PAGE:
Though this is more aimed at people with two MacBooks, it also relates to people who have a Mac desktop and a MacBook. I am debating getting the new MacBook as a portable complement to my 15” rMBP which stays docked at home much of the time.

- I wonder if owning two MacBooks would be too redundant.

- I considered selling my rMBP and getting an iMac and a rMB, but then two Macs seem redundant.

- Then I considered selling my 15” rMBP and getting a maxed out 13” rMBP, but I hate to lose the extra processing power.

- Of course I could just get an iPad instead of the rMB.


I know it comes down to preference/may choice, but hearing feedback from others helps. Do you use two Macs? Do you find it redundant? Is it annoying to keep them in-sync?

Thank you.
~ Traverse
I use and have been using three Macs for years. Currently:

1) MBA
2) MBPr
3) Mac Pro

All synced and backed up in real time, including my iPhones and Nexus phones.

I have specific use cases for each, they're the tools I make my living with.
 

redheeler

macrumors 604
Oct 17, 2014
7,659
7,492
Though this is more aimed at people with two MacBooks, it also relates to people who have a Mac desktop and a MacBook. I am debating getting the new MacBook as a portable complement to my 15” rMBP which stays docked at home much of the time.

- I wonder if owning two MacBooks would be too redundant.

- I considered selling my rMBP and getting an iMac and a rMB, but then two Macs seem redundant.

- Then I considered selling my 15” rMBP and getting a maxed out 13” rMBP, but I hate to lose the extra processing power.

- Of course I could just get an iPad instead of the rMB.


I know it comes down to preference/may choice, but hearing feedback from others helps. Do you use two Macs? Do you find it redundant? Is it annoying to keep them in-sync?

Thank you.
~ Traverse
I once had 2 rMBPs, a 15" and 13", replaced one with a Retina iMac and am now satisfied ;)

I have separate accounts and files on each, but being attached to the same iCloud account some stuff syncs over. Handoff and File Sharing are both nifty features to have with multiple Macs.

What do you use as your main machine?
Retina iMac as my main desktop, 13" late 2013 rMBP as my main portable.

"Trash can" Mac Pros. I don't know why, but I found that funny. :)
Having heard the "trash can" joke for over a year it has grown old to me.
 

iSheep5S

macrumors 6502a
Jun 4, 2013
555
250
Scotland
I have 'trashed' anyone looking at The New MacBook as a standalone Mac.

This i agree with. Nice and portable. I still disagree with the price but thats another buyers concern. I'm OK with my rMBP.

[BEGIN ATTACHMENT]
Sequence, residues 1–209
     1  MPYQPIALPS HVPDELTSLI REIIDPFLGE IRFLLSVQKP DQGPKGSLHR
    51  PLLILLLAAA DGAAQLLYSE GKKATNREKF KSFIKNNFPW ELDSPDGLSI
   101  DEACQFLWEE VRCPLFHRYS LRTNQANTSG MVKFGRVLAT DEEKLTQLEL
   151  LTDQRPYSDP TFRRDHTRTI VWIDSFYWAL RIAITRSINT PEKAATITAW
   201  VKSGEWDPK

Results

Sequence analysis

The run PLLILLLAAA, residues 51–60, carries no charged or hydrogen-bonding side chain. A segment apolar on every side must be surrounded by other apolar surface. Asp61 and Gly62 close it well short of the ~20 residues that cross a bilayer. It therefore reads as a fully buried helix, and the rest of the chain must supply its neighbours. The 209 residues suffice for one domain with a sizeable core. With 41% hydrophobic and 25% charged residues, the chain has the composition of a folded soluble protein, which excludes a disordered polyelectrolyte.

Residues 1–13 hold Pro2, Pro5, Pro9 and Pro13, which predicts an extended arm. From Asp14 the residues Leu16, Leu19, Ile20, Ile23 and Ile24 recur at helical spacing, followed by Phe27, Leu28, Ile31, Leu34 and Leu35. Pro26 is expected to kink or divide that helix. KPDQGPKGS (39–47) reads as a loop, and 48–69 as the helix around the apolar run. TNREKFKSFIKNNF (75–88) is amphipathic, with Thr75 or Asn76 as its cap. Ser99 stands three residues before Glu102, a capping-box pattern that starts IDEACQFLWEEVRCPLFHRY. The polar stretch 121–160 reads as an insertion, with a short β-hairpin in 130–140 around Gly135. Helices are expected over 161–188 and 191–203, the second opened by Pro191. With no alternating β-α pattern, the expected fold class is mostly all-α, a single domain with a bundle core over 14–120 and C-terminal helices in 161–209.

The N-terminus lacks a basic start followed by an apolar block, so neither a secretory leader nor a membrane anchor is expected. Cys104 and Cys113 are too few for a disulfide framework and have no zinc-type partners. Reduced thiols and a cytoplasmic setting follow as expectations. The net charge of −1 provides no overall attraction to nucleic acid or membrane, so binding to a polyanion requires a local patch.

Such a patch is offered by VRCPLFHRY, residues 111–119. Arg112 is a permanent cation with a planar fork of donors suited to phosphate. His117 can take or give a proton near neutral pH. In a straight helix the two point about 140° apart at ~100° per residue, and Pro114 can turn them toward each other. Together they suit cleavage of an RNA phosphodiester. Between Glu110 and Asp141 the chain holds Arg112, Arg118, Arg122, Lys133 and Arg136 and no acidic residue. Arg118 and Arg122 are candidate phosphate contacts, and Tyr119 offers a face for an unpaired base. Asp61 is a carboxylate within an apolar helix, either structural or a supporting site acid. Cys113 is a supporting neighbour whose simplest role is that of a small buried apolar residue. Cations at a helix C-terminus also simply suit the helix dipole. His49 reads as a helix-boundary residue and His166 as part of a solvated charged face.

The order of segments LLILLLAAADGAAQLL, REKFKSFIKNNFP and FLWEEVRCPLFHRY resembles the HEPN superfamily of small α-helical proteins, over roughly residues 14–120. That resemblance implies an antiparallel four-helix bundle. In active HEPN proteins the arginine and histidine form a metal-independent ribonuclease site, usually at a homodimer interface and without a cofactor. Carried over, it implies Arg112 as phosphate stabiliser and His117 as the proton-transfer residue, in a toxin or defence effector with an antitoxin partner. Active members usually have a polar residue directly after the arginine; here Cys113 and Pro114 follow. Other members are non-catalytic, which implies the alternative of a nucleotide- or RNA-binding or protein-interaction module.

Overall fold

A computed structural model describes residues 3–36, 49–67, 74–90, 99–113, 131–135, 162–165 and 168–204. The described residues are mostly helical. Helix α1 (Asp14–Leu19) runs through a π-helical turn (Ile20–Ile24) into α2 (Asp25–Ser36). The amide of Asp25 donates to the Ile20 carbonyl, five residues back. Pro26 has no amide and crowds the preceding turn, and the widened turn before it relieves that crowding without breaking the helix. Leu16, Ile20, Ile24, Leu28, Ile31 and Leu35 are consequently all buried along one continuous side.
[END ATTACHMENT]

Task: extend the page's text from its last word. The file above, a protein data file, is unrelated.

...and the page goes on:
mtneer

macrumors 68030
Sep 15, 2012
2,892
2,054
If you have the money to justify the use niches; and cannot find any other worthy use for the said money - then by all means get as many Macs as you want!

I have an Ivy Bridge 2012 13" rMBP as my main machine and a Haswell 2014 11" MBA that I won at a raffle. I contemplated selling the MBA at the time; but I talked myself into keeping it by justifying (fancifully) narrow use niches. But after the novelty of the new MBA wore off; it became more of a hassle synchronizing files, data and settings across both the machines. So now the MBA is mainly relegated to being put to use only when I run out of juice on the rMBP or if someone visits home and needs a borrowed computer. In hindsight, I should have sold the MBA and kept only one machine.
 

Freyqq

macrumors 601
Dec 13, 2004
4,022
172
A laptop that can be plugged into a monitor, keyboard, and mouse, is a good compromise. You can take it on a trip, but you can also still dock it like a desktop.
 

newellj

macrumors 604
Oct 15, 2014
7,749
2,630
East of Eden
If you have the money to justify the use niches; and cannot find any other worthy use for the said money - then by all means get as many Macs as you want!

I have an Ivy Bridge 2012 13" rMBP as my main machine and a Haswell 2014 11" MBA that I won at a raffle. I contemplated selling the MBA at the time; but I talked myself into keeping it by justifying (fancifully) narrow use niches. But after the novelty of the new MBA wore off; it became more of a hassle synchronizing files, data and settings across both the machines. So now the MBA is mainly relegated to being put to use only when I run out of juice on the rMBP or if someone visits home and needs a borrowed computer. In hindsight, I should have sold the MBA and kept only one machine.
That's the kind of feedback that I think is helpful to the OP. Unless you have a specific use case that would benefit from a second laptop, the situation probably ends up about like yours.
 

JHUFrank

macrumors 6502a
Apr 16, 2010
645
54
Believe it or not, as a cryptography software engineer and a cinematographer, I use 13 Macs.